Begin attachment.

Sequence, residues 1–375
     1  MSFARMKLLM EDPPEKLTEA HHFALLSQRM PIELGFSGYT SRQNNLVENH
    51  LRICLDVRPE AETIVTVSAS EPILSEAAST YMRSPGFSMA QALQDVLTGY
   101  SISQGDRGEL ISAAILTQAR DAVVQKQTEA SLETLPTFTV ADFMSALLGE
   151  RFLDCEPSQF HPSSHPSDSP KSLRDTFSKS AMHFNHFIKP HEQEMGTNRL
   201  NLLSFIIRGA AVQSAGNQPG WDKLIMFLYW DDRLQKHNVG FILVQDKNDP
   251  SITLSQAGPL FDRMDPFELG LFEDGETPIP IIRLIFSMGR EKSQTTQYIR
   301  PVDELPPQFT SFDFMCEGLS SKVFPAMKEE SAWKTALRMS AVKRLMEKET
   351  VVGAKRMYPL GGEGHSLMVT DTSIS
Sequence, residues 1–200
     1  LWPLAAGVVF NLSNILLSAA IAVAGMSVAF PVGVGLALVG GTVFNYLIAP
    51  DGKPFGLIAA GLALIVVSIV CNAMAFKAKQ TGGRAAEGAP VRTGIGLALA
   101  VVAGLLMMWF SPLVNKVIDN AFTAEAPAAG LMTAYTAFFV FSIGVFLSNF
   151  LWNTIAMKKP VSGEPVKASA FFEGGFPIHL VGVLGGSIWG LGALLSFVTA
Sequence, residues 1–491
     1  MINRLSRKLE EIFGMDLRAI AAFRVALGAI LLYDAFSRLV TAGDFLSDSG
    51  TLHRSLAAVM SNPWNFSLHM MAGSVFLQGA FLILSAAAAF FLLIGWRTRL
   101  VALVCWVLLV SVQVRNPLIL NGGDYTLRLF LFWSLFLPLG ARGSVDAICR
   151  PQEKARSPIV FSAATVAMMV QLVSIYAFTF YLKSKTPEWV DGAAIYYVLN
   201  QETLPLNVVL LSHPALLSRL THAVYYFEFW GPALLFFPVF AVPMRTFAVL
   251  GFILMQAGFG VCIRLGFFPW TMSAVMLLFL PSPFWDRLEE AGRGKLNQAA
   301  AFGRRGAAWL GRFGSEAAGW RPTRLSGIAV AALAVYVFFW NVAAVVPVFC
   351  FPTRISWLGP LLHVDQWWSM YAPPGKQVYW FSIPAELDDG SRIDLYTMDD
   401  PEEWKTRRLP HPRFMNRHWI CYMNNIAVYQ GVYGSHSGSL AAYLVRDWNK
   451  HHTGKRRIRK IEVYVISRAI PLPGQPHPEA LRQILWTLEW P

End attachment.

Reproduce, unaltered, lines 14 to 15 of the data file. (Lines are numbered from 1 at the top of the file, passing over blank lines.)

   151  LWNTIAMKKP VSGEPVKASA FFEGGFPIHL VGVLGGSIWG LGALLSFVTA
Sequence, residues 1–491